3. The judge issuing the warrant had a substantial basis for concluding that probable cause to search respondents' home and car existed. Under the "totality of the circumstances" analysis, corroboration by details of an informant's tip by independent police work is of significant value. Cf. Draper v. United States, 358 U.S. 307, 79 S.Ct. 329, 3 L.Ed.2d 327. Here, even standing alone, the facts obtained through the independent investigation of the Bloomingdale police officer and the DEA at least suggested that respondents were involved in drug trafficking. In addition, the judge could rely on the anonymous letter, which had been corroborated in major part by the police officer's efforts. Pp. 241-246.

85 Ill.2d 376, 53 Ill.Dec. 218, 423 N.E.2d 887 (1981), reversed.

Paul P. Biebel, Jr., Chicago, Ill., for petitioner.

James W. Reilley, Chicago, Ill., for respondents.

Justice REHNQUIST delivered the opinion of the Court.

Respondents Lance and Susan Gates were indicted for violation of state drug laws after police officers, executing a search warrant, discovered marijuana and other contraband in their automobile and home. Prior to trial the Gates' moved to suppress evidence seized during this search. The Illinois Supreme Court, 85 Ill.2d 376, 53 Ill.Dec. 218, 423 N.E.2d 887 (1981) affirmed the decisions of lower state courts, 82 Ill.App.3d 749, 38 Ill.Dec. 62, 403 N.E.2d 77 (1980) granting the motion. It held that the affidavit submitted in support of the State's application for a warrant to search the Gates' prop- erty was inadequate under this Court's decisions in Aguilar v. Texas, 378 U.S. 108, 84 S.Ct. 1509, 12 L.Ed.2d 723 (1964) and Spinelli v. United States, 393 U.S. 410, 89 S.Ct. 584, 21 L.Ed.2d 637 (1969).

We granted certiorari to consider the application of the Fourth Amendment to a magistrate's issuance of a search warrant on the basis of a partially corroborated anonymous informant's tip. After receiving briefs and hearing oral argument on this question, however, we requested the parties to address an additional question:

"Whether the rule requiring the exclusion at a criminal trial of evidence obtained in violation of the Fourth Amendment, Mapp v. Ohio, 367 U.S. 643, 81 S.Ct. 1684, 6 L.Ed.2d 1081 (1961); Weeks v. United States, 232 U.S. 383, 34 S.Ct. 341, 58 L.Ed. 652 (1914), should to any extent be modified, so as, for example, not to require the exclusion of evidence obtained in the reasonable belief that the search and seizure at issue was consistent with the Fourth Amendment."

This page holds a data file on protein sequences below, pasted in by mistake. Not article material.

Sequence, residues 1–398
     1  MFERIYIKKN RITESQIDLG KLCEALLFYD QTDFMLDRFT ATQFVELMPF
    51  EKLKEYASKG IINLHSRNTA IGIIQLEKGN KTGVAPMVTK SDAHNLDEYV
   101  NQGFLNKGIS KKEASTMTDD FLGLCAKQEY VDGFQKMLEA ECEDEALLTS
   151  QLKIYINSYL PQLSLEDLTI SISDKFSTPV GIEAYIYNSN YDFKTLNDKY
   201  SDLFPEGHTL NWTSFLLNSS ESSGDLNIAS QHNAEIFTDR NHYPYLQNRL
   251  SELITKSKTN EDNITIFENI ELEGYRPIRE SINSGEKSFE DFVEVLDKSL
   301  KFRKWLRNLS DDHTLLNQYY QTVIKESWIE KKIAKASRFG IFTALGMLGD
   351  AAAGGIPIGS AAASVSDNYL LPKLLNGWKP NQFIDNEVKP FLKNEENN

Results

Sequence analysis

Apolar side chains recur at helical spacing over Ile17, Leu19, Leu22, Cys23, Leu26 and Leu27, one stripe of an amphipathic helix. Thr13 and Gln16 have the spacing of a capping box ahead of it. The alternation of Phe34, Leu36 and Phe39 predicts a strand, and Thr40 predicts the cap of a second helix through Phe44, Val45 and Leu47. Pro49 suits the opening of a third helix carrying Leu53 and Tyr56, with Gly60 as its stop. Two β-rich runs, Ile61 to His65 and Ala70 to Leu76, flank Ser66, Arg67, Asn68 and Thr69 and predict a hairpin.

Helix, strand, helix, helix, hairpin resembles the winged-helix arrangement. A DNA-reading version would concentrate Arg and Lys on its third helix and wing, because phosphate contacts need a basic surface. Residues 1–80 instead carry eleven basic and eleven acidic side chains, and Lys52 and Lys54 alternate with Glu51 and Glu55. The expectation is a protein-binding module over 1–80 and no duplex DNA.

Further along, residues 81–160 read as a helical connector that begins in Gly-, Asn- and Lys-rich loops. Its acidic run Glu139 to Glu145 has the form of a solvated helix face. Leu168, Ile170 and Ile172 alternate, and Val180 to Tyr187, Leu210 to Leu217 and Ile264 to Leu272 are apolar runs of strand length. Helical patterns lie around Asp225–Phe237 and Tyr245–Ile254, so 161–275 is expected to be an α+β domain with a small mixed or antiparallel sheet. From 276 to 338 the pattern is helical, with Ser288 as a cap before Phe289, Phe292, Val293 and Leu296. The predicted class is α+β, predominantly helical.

We decide today, with apologies to all, that the issue we framed for the parties was not presented to the Illinois courts and, accordingly, do not address it. Rather, we consider the question originally presented in the petition for certiorari, and conclude that the Illinois Supreme Court read the requirements of our Fourth Amendment decisions too restrictively. Initially, however, we set forth our reasons for not addressing the question regarding modification of the exclusionary rule framed in our order of November 29, 1982, --- U.S. ----, 103 S.Ct. 436, 74 L.Ed.2d 595.


Our certiorari jurisdiction over decisions from state courts derives from 28 U.S.C. § 1257, which provides that "Final judgments or decrees rendered by the highest court of a State in which a decision could be had, may be reviewed by the Supreme Court as follows: . . . (3) By writ of certiorari, . . . where any title, right, privilege or immunity is specially set up or claimed under the Constitution, treaties or statutes of . . . the United States." The provision derives, albeit with important alterations, see, e.g., Act of December 23, 1914, c. 2, 38 Stat. 790; Act of June 25, 1948, c. 646, 62 Stat. 929, from the Judiciary Act of 1789, c. 20, § 25, 1 Stat. 85.

Although we have spoken frequently on the meaning of § 1257 and its predecessors, our decisions are in some respects not entirely clear. We held early on that § 25 of the Judiciary Act of 1789 furnished us with no jurisdiction unless a federal question had been both raised and decided in the state court below. As Justice Story wrote in Crowell v. Randell, 10 Pet. 368, 391, 9 L.Ed. 458 (1836), "If both of these requirements do not appear on the record, the appellate jurisdiction fails." See also Owings v. Norwood's Lessee, 5 Cranch. 344, 3 L.Ed. 120 (1809).1

More recently, in McGoldrick v. Compagnie Generale, 309 U.S. 430, 435-436, 60 S.Ct. 670, 673, 84 L.Ed. 849 (1940), the Court observed:

But it is also the settled practice of this Court, in the exercise of its appellate jurisdiction, that it is only in exceptional cases, and then only in cases coming from the federal courts, that it considers questions urged by a petitioner or appellant not pressed or passed upon in the courts below. . . . In cases coming here from state courts in...